The notice of motion was grounded on an affidavit of Rosemary Cronin, solicitor for the respondent and referred to the provisions of s. 50A(7) of the Act of 2000 and referred to an ex tempore judgment of this Court in the case of Browne v. Kerry County Council ( Unreported, Supreme Court, 24th March, 2014, Murray J.). The judgment and order in that case concerned the question as to whether an appeal against a costs order in judicial review proceedings under the Act of 2000 required a certificate from the High Court Judge dealing with the matter certifying that the decision of the High Court involved a point of law of exceptional public importance and that it was desirable in the public interest that an appeal should be taken to the Supreme Court. The response to that notice of motion was a further notice of motion, this time issued by the appellant herein in which the following relief was sought:

‘A direction that the issue as to whether or not a certificate of leave to bring the within appeal is required from the learned trial judge be determined as a preliminary issue.’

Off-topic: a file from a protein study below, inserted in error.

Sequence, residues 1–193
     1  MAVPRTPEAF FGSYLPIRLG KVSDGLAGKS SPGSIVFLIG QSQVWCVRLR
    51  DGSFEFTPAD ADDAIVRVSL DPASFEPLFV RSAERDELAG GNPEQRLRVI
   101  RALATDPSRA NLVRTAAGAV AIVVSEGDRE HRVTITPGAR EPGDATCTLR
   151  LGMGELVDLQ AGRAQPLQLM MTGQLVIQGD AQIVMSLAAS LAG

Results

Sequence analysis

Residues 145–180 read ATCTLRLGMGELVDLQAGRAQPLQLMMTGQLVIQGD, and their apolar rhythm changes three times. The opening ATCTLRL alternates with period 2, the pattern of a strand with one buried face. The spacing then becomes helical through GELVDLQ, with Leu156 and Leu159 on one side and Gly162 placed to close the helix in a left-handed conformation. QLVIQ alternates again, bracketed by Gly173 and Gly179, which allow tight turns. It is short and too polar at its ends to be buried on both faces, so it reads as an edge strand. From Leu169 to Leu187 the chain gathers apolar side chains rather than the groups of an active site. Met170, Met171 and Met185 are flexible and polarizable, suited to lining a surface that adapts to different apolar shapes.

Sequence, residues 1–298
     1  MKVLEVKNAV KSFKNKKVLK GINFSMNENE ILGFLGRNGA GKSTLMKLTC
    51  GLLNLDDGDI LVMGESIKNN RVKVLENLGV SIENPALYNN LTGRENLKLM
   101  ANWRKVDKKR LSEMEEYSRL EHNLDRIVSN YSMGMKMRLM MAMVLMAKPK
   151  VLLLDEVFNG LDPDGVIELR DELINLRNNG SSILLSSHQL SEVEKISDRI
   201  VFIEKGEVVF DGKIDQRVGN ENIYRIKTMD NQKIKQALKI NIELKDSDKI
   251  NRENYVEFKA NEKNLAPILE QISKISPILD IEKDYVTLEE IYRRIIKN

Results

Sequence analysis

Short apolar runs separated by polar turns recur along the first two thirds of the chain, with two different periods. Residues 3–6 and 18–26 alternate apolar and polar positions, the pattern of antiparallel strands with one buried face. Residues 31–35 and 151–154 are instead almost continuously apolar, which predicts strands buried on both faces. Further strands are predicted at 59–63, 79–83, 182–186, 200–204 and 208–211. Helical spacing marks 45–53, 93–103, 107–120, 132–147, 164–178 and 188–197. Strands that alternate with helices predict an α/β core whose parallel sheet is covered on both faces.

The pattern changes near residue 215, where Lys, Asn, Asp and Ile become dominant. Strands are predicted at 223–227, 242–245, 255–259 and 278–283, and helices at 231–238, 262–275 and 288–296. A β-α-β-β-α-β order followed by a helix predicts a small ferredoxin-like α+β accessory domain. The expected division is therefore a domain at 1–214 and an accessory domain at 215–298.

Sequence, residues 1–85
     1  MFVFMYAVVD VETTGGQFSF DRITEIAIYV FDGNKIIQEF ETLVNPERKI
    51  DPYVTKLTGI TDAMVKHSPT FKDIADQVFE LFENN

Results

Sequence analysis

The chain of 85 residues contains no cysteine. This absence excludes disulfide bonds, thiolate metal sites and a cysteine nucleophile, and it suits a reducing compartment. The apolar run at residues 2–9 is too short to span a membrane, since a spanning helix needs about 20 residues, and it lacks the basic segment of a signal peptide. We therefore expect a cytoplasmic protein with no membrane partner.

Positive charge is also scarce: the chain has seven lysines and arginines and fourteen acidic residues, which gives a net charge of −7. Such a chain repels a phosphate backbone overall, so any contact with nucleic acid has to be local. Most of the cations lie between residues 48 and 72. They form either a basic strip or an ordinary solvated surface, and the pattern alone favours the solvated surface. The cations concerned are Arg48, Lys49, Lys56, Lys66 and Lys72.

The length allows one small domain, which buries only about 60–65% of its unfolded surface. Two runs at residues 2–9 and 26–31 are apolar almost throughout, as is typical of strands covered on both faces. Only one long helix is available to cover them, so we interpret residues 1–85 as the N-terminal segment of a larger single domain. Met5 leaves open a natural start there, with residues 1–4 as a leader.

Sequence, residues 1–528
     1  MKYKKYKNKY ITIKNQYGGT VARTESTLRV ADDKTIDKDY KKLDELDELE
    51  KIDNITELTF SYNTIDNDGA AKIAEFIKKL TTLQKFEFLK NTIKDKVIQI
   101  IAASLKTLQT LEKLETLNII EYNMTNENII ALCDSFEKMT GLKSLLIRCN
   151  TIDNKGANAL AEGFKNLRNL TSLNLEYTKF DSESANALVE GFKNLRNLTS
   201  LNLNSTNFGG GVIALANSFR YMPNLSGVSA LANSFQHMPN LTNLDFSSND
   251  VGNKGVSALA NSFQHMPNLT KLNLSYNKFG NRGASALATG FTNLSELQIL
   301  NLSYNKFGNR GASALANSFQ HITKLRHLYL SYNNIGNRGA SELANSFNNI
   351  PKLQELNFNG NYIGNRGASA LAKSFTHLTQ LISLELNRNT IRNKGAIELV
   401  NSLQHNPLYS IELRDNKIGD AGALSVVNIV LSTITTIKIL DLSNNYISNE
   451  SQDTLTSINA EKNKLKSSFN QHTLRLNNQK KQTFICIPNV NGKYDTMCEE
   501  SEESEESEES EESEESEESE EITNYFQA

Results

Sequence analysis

10

In turn that notice of motion was grounded on an affidavit sworn by Francis Rowan, the solicitor for the appellant.

The issues
11

The issues in this appeal arising from the respective notices of motion can be summarised as follows:

(1) Is it necessary to have a certificate for leave to appeal as required by s. 50A(7) of Act of 2000 where the order sought to be appealed is in respect of costs only?

(2) Is the decision in Browne v. Kerry County Council in which it was held by this Court that a certificate of leave to appeal from the trial judge was required for the purpose of appealing an order for costs capable of being distinguished by reason of the fact that these proceedings came into existence after the Environment ( Miscellaneous Provisions) 2011 (the Act of 2011) became operative while the proceedings in Browne v. Kerry County Council pre-dated the coming into operation of the Act of 2011?

The law
12